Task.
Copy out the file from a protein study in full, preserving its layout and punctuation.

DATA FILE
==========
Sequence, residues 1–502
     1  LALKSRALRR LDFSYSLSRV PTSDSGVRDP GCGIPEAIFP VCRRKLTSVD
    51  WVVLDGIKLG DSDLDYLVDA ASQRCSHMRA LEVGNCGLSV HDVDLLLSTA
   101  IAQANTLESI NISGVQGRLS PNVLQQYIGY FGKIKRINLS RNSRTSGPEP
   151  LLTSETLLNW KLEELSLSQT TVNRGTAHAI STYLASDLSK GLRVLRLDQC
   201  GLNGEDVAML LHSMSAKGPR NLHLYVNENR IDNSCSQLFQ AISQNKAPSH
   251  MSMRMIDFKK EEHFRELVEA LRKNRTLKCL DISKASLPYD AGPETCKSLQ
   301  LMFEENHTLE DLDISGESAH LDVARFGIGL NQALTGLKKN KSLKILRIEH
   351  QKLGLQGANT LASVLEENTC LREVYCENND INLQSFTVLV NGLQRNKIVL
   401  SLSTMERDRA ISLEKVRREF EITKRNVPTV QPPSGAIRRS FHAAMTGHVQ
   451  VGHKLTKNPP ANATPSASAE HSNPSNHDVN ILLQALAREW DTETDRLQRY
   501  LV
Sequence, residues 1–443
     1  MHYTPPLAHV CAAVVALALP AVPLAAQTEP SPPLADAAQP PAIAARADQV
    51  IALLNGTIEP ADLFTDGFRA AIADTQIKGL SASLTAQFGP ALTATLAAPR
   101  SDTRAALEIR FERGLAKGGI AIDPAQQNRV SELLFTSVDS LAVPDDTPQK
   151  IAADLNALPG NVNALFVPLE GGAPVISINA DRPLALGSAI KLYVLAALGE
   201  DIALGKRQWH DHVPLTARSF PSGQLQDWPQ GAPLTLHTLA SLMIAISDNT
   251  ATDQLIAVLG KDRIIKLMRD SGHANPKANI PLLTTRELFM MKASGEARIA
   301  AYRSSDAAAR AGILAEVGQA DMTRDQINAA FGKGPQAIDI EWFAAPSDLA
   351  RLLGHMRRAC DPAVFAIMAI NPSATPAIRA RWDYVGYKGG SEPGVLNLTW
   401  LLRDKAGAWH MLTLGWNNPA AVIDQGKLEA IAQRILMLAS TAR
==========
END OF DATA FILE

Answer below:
Sequence, residues 1–502
     1  LALKSRALRR LDFSYSLSRV PTSDSGVRDP GCGIPEAIFP VCRRKLTSVD
    51  WVVLDGIKLG DSDLDYLVDA ASQRCSHMRA LEVGNCGLSV HDVDLLLSTA
   101  IAQANTLESI NISGVQGRLS PNVLQQYIGY FGKIKRINLS RNSRTSGPEP
   151  LLTSETLLNW KLEELSLSQT TVNRGTAHAI STYLASDLSK GLRVLRLDQC
   201  GLNGEDVAML LHSMSAKGPR NLHLYVNENR IDNSCSQLFQ AISQNKAPSH
   251  MSMRMIDFKK EEHFRELVEA LRKNRTLKCL DISKASLPYD AGPETCKSLQ
   301  LMFEENHTLE DLDISGESAH LDVARFGIGL NQALTGLKKN KSLKILRIEH
   351  QKLGLQGANT LASVLEENTC LREVYCENND INLQSFTVLV NGLQRNKIVL
   401  SLSTMERDRA ISLEKVRREF EITKRNVPTV QPPSGAIRRS FHAAMTGHVQ
   451  VGHKLTKNPP ANATPSASAE HSNPSNHDVN ILLQALAREW DTETDRLQRY
   501  LV
Sequence, residues 1–443
     1  MHYTPPLAHV CAAVVALALP AVPLAAQTEP SPPLADAAQP PAIAARADQV
    51  IALLNGTIEP ADLFTDGFRA AIADTQIKGL SASLTAQFGP ALTATLAAPR
   101  SDTRAALEIR FERGLAKGGI AIDPAQQNRV SELLFTSVDS LAVPDDTPQK
   151  IAADLNALPG NVNALFVPLE GGAPVISINA DRPLALGSAI KLYVLAALGE
   201  DIALGKRQWH DHVPLTARSF PSGQLQDWPQ GAPLTLHTLA SLMIAISDNT
   251  ATDQLIAVLG KDRIIKLMRD SGHANPKANI PLLTTRELFM MKASGEARIA
   301  AYRSSDAAAR AGILAEVGQA DMTRDQINAA FGKGPQAIDI EWFAAPSDLA
   351  RLLGHMRRAC DPAVFAIMAI NPSATPAIRA RWDYVGYKGG SEPGVLNLTW
   401  LLRDKAGAWH MLTLGWNNPA AVIDQGKLEA IAQRILMLAS TAR